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Previous Congressional Briefings
Third in the 2011 series
Global Threats from Emerging Wildlife Diseases and Invasive Species
Decision makers across the United States and internationally are increasingly confronted with the vexing problems of invasive species and wildlife diseases. Minimizing economic and wildlife losses and the associated negative ecological and health impacts depends on having technical expertise, providing knowledgeable guidance, and timely intervention. Come hear how USGS and its partners are working to meet the challenges of conducting cutting edge scientific research and providing information and technical expertise to the public and scientific community regarding national and international wildlife health.
Date: Friday, November 18, 2011
Time: 10:00 a.m. - 11:00 a.m.
Rayburn House Office Building, Room 2325
Dr. Jonathan Sleeman
Director, National Wildlife Health Center www.nwhc.usgs.gov
Drs. William Karesh and Jonathan Epstein
EcoHealth Alliance Wildlife Trade and Global Disease Emergence
Dr. Brenda Moraska Lafrancois
National Park Service Avian Botulism in the Distressed Great Lakes
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National Wildlife Health Center
Jonathan is currently the Director of the USGS National Wildlife Health Center whose mission is to provide national leadership to safeguard wildlife and ecosystem health. He graduated from the University of Cambridge, England with a Master's Degree in Zoology and his Veterinary Medical Degree. He is a recognized veterinary specialist in wildlife diseases and is a Diplomate of the American College of Zoological Medicine and the European College of Zoological Medicine. He has published widely in the field of wildlife medicine on topics as varied as disease threats to great apes, wildlife anesthesia, and wildlife disease surveillance, and is an adjunct Professor at the University of Wisconsin's School of Veterinary Medicine. Previous positions include Director of the Mountain Gorilla Veterinary Project, and wildlife veterinarian for the Virginia Department of Game and Inland Fisheries.
Jonathan, along with colleagues at EcoHealth Alliance, has most recently begun working with a consortia of university and NGO partners under USAID's "Emerging Pandemic Threats" program, designed to establish an early warning system for zoonotic disease emergence by studying the diversity of pathogens in wildlife and assessing the risk of spillover into livestock and human populations in the most vulnerable countries around the world. He received his DVM and MPH from The Tufts Cummings School of Veterinary Medicine and Tufts School of Medicine's Graduate Programs in Public Health. Jonathan holds adjunct faculty positions at Columbia University's Mailman School of Public Health and the Dept. of Ecology, Evolution, and Environmental Biology; Tufts Cummings School of Veterinary Medicine and Tufts School of Medicine; and Mount Sinai School of Medicine. His work has been published in several leading scientific journals including the CDC's Emerging Infectious Diseases journal, and Science.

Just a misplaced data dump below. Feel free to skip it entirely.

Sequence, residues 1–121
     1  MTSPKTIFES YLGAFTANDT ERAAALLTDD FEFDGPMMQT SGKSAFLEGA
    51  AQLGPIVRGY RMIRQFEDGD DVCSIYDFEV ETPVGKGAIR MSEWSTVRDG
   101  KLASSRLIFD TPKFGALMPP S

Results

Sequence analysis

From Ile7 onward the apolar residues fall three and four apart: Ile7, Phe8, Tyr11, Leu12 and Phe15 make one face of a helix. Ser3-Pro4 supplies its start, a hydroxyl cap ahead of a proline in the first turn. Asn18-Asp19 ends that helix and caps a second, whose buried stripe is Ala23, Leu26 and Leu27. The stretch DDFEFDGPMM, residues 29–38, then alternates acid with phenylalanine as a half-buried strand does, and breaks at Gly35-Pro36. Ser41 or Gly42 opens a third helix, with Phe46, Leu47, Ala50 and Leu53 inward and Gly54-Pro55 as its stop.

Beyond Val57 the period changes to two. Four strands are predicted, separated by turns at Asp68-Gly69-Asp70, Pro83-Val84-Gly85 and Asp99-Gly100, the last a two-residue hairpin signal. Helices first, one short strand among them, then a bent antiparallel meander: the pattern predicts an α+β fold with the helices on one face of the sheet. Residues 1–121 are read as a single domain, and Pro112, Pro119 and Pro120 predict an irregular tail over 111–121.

William is the Executive Vice President for Health and Policy for EcoHealth Alliance. He serves as the president of the World Animal Health Organization (OIE) Working Group on Wildlife Diseases and also chairs the International Union for the Conservation of Nature (IUCN) Wildlife Health Specialist Group. International programs under his direction have covered terrain from Argentina to Zambia, including efforts in the Congo Basin to reduce the impact of diseases such as Ebola and measles on humans and endangered species. William has also contributed to global surveillance systems for emerging diseases. He serves as the co-chair of the IUCN Veterinary Specialist Group, and is a member of the Advisory Council for the Wildlife Disease Association. In addition to having published over one hundred scientific papers, Dr. Karesh has written a book called Appointment at the Ends of the World: Memoirs of a Wildlife Veterinarian.
Brenda Moraska Lafrancois
Since 2002, Brenda has served as the aquatic ecologist for the National Park Service Midwest Region, working primarily in nine National Parks, Lakeshores, Riverways, and Monuments in the western Great Lakes area. Since 2010, she has served as the program lead or co-lead for three large-scale Great Lakes Restoration Initiative projects, addressing park needs related to benthic habitat mapping, nearshore water quality conditions, protection of vulnerable shoreline habitats, and effects of recent food web changes in Lake Michigan. Brenda has worked intensively with National Park Service staff, university partners, and scientists from several US Geological Survey Science Centers to coordinate a research program addressing nearshore ecological changes and type E botulism outbreaks at Sleeping Bear Dunes National Lakeshore in Michigan. Brenda holds Bachelor of Science degrees in Biology and Spanish from the University of Wisconsin at La Crosse, and a Ph.D. in Ecology from Colorado State University, where she studied the effects of atmospheric deposition on mountain lakes.
For information on the Briefing on Capitol Hill, please call 703-648-4455.